And now… in the red corner… weighing in at 1000 tons… Godzilla comes blasting out of the Antarctic ice, and the first of what will be many fights cranks up. As lame as the human story is, the monsters are fabulous.
Godzilla = Magnificent
Rodan = Impressive
King Ghidora = Awe Inspiring
Mothra = Glorious
The other new monsters = An afterthought
The Humans = inconsequential
So, if you are a fan of Destroy All Monsters, Godzilla vs. MechaGodzilla, or War of the Gargantuas… this is what you were wanting to see, and it’s glorious. The full power of modern CGI brings the Toho beasties to life that is wonderful to behold. The movie treats us to at least five battles, as they titans battle for supremacy with one another, and by the end, there is a bit of a tag-team going on, which harkens back to many of the Toho combinations. Godzilla and Jet Jaguar vs. Megalon. Godzilla and Angurus vs. Gigan and Ghidora. If you understand that shorthand, you’ll understand the battle at the end of the movie.
I count myself one of those, who as a child, would fidget with the antenna on my parent’s black and white television so I could watch the grainy broadcast of Channel 12 Creature Features like Godzilla vs. the Smog Monster, Gamera, Godzilla vs the Sea Monster, and of course, Destroy all Monsters. I enjoyed Pacific Rim... cheered in the theater, if I’m being honest, unlike my podcast partner Mike who really disliked Pacific Rim. I also loathed the Transformers movies. I think they are a waste of time.
This movie is closer to Pacific Rim for me than Transformers, but man, this movie tried hard for me not to like it. I didn’t like ANY of the characters. And, like a movie I recently reviewed, The Dead Don’t Die, I found that the wasting of a stellar cast like this to be a misdemeanor, if not quite a high crime. But my inner ten year old loved watching the monsters fight. I particularly loved Mothra, who was dubbed “Queen of the Monsters” in this film, though they fumbled that too with a rather lame attempt at biological humor.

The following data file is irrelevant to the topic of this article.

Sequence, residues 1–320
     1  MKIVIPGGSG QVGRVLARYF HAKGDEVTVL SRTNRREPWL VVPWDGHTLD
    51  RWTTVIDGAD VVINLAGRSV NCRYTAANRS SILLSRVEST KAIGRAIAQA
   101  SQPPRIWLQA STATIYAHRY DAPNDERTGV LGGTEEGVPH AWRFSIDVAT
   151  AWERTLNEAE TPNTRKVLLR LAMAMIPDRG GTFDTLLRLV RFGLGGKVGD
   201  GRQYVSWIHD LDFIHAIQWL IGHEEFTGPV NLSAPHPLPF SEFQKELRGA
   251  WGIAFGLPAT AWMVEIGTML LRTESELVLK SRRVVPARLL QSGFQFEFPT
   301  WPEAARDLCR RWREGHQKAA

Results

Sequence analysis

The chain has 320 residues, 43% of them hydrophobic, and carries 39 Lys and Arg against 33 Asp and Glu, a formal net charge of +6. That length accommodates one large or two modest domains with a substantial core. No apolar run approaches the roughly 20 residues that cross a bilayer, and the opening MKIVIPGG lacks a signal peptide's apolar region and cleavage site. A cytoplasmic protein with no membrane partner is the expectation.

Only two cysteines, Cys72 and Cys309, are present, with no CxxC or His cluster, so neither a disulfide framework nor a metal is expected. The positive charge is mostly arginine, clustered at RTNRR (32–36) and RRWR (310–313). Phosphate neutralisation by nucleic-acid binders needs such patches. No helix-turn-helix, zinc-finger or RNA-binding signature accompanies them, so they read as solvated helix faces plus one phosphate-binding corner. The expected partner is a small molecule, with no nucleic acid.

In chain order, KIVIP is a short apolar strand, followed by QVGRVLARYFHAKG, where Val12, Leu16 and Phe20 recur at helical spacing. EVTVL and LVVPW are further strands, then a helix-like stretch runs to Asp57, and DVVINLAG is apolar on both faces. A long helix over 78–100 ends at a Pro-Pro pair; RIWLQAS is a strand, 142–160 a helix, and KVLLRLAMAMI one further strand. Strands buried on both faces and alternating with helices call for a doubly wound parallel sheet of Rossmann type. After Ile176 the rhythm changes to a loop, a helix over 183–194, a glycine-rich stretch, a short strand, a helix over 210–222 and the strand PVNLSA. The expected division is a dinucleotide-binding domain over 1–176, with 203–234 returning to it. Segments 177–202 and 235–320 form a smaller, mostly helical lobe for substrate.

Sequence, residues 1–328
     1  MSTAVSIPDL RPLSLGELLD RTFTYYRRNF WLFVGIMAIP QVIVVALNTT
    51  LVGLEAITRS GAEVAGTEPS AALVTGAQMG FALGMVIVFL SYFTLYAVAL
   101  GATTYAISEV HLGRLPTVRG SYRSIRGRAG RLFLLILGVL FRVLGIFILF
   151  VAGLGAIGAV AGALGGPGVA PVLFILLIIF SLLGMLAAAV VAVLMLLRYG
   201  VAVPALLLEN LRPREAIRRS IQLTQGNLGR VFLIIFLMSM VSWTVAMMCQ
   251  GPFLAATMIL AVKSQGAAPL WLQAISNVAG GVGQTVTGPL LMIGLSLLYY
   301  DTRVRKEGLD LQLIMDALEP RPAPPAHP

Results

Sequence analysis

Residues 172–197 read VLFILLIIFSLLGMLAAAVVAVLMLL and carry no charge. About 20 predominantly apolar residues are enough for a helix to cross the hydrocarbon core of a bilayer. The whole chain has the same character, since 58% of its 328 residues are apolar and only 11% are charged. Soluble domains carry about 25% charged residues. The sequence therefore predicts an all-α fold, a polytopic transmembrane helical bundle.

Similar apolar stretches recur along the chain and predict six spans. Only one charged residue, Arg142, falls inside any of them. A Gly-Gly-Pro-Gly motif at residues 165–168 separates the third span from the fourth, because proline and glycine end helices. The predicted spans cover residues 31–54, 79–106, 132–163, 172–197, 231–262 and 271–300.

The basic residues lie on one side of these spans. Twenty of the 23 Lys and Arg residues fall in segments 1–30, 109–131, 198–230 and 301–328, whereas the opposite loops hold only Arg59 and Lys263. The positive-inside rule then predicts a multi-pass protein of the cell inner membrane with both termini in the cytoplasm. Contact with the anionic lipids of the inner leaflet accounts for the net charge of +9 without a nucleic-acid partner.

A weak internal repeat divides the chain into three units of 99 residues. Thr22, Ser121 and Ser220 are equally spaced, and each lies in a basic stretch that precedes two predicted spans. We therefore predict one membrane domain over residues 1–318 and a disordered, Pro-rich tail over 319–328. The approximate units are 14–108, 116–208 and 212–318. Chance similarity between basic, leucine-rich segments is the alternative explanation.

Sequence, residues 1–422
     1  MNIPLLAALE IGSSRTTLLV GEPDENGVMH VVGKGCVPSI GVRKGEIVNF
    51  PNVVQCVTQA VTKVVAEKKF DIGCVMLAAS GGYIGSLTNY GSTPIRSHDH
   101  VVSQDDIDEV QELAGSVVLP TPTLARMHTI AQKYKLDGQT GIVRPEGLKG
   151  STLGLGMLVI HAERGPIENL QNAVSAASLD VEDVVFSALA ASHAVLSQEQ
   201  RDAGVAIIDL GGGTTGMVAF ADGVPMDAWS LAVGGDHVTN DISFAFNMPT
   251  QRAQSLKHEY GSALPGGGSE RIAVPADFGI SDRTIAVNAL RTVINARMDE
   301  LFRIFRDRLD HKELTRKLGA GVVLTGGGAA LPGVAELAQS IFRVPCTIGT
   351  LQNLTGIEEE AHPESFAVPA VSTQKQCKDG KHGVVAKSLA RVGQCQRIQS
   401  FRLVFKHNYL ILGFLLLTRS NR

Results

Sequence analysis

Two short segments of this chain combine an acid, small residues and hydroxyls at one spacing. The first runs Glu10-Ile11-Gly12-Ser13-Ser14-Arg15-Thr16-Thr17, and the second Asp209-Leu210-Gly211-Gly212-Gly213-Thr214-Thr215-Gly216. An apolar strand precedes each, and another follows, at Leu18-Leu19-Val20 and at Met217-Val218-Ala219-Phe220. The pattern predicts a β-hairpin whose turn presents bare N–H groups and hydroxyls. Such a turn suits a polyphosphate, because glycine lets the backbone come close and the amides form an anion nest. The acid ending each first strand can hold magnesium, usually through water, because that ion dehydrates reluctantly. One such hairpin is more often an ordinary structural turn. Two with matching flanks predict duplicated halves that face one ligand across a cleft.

I know that some in the genre community were holding out high hopes that this would be a game-changing title, elevating itself above the typical monster movie. But, this film is true to its B-movie roots. Upgrade from men in rubber suits with spectacular CGI, and you’ve got your movie:
Monsters punching monsters.
Can a giant monster movie elevate itself with a solid script, buoyed by a good cast and be Oscar worthy? Yes. It’s been done before. That film is King Kong. Merien Cooper’s 1933 Kong is in the AFI top 100 of all time (#41), and I believe that Peter Jackson’s 2005 Kong was a tremendous achievement. So, for those of you looking for a salve for disappointing dialogue, and are looking for something more meaningful in your monster fare, re-watch King Kong. (You can pass on the Dino DeLaurentis 1976 film though.)
Godzilla King of the Monsters is PG-13 for a bunch of stompy violence and is in wide release across the world now. Though… given its somewhat lackluster box office, may not be there much longer. If this is your kind of film, you will want to see it on the biggest screen you can. If punchy monsters are not your thing, you can totally skip this. For those of you who are all about titanic monsters battling out, I’d like to suggest you go to our friends at the Kaijucast , a fellow Portland Genre podcast team, who love themselves some big stompy monsters.
But, even if it’s not your bag, the trailers for this movie have been excellent: